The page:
Governance, risk management and compliance (GRC) is a very broad discipline consisting of policies, compliance, enterprise risk, operational risk, governance and incidents. There is no such thing as a standard maturity model in terms of which specific function to start with and how to proceed after that.
While it is typical to see the majority of organizations starting with compliance automation, there are instances where organizations begin with risk, policy, incident or threat management. Although inconsistent, there seems to be a commonly accepted maturity model in terms of technology adoption, and its three steps go something like this:
Step No. 1: Start with process
People often say that GRC is all about process, so the design and implementation of processes should come first before even thinking about technology. This includes workflow and procedures, roles and responsibilities, and documentation requirements.
Step No. 2: Follow with process automation
Common wisdom says that once process has been implemented and the kinks have been worked out, then it's time to implement automation to make those exact processes run more efficiently. Technology people usually start with workflow, collaboration, documentation management and project management. This spurred the growth of first-generation GRC products which replaced spreadsheets and e-mail messages.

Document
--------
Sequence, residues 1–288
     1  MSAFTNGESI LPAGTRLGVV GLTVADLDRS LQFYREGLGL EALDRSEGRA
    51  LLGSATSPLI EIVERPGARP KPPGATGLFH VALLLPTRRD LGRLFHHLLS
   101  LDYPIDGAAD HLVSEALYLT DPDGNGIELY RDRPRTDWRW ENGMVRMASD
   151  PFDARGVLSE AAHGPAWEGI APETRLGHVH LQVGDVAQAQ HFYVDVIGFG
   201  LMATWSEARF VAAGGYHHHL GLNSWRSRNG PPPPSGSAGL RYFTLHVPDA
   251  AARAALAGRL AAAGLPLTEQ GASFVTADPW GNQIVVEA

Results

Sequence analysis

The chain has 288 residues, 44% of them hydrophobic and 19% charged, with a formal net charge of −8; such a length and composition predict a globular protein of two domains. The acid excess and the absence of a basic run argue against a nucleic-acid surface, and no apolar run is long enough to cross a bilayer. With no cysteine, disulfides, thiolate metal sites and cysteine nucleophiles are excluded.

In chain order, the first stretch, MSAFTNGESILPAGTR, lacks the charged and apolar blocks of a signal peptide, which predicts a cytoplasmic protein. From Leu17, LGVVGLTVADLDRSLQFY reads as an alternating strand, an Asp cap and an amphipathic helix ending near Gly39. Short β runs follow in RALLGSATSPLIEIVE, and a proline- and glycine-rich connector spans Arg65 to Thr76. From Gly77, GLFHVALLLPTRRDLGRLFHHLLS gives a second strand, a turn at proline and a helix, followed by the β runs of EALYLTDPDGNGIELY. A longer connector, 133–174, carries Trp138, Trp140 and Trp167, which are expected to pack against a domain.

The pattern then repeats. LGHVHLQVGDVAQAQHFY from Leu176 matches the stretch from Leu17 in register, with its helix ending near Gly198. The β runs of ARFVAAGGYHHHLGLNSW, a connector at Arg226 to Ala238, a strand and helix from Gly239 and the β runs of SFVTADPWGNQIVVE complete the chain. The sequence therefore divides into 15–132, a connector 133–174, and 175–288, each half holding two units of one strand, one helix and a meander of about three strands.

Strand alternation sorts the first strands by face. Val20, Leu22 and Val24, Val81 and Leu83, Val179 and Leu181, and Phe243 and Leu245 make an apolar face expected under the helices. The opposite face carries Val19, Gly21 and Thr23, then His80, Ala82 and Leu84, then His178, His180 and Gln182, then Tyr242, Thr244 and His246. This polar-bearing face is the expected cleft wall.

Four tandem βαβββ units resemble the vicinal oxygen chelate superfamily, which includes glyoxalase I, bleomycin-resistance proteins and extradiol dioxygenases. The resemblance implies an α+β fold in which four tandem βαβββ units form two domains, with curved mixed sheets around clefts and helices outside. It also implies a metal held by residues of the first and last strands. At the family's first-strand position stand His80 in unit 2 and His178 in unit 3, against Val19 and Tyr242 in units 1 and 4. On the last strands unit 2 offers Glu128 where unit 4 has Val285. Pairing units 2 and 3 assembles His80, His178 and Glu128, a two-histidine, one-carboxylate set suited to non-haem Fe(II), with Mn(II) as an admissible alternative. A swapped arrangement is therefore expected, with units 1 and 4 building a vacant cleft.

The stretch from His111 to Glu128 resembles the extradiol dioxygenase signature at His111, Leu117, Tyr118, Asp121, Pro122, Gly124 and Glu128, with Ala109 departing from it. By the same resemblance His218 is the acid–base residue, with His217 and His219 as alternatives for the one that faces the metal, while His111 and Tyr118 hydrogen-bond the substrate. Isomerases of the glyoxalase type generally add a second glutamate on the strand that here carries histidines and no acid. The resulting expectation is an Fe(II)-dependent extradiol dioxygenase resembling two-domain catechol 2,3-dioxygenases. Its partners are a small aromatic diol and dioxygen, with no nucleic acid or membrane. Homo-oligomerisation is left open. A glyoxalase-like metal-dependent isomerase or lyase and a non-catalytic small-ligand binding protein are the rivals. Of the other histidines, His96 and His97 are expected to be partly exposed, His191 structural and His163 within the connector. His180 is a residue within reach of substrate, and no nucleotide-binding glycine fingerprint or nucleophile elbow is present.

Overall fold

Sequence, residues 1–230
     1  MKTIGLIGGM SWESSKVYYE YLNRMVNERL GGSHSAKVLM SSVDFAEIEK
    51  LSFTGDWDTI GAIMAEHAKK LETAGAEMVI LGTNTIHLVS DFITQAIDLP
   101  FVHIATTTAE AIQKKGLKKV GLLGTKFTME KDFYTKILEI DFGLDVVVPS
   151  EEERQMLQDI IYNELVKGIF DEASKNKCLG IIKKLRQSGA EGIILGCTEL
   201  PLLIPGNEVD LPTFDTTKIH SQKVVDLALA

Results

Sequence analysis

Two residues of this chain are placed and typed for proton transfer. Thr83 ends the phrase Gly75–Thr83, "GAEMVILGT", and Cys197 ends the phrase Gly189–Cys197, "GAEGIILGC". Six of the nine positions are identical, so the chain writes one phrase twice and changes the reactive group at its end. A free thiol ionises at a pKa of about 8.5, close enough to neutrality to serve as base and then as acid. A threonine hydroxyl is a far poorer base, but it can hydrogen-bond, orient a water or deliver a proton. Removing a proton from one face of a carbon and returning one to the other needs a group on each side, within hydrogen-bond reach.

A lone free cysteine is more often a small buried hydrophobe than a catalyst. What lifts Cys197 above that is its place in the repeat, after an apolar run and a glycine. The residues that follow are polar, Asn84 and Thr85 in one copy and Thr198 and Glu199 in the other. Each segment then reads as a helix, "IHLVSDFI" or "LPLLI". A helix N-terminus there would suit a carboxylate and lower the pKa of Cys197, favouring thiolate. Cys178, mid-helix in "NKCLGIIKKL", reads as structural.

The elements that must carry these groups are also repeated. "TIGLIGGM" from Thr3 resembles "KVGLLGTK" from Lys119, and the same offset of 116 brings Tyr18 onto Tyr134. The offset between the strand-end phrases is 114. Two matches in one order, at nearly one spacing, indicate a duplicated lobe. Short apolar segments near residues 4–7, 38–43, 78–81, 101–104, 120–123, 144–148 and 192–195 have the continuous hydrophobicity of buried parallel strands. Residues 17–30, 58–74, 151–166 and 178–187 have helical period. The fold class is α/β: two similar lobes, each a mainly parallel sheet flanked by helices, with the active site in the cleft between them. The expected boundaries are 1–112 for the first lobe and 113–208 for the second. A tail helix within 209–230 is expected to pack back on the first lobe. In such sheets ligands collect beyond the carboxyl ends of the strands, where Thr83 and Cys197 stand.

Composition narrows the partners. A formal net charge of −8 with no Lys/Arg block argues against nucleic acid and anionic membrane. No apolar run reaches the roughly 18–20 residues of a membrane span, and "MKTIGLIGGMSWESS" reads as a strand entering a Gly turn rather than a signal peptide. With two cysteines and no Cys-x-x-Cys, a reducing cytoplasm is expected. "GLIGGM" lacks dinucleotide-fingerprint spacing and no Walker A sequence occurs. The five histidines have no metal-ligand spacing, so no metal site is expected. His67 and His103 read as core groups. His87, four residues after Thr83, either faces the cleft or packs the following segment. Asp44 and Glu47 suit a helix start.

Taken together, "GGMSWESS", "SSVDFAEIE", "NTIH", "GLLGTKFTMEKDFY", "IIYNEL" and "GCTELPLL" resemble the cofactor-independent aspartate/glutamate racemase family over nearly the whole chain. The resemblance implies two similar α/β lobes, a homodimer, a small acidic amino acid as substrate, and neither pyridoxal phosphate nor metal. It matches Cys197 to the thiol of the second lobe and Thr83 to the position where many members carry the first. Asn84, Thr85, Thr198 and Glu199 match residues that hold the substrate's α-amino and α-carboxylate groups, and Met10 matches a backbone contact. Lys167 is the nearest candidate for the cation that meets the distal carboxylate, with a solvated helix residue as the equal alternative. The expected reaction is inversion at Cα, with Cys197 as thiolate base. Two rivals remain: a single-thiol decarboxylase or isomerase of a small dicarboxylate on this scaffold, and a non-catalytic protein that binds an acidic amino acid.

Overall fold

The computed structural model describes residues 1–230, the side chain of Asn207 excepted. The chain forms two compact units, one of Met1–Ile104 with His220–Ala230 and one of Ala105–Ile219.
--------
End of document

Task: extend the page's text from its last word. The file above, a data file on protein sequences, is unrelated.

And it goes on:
Step No. 3: Automate the control by integrating with your environment
Once manual processes have been streamlined and semiautomated, people eventually start to think about maximizing automation by integrating directly with existing applications and security infrastructure to automate data collection and testing of controls. This sets people free from much of the repetitive tasks of data gathering, correlation and testing. This is GRC nirvana. This is where IT GRC technologies enable continuous compliance and real-time risk management.
This sounds like a straightforward and perfectly logical maturity model-so what's wrong with it? This model came about when there were very little GRC technologies available. The model evolved as the technology evolved.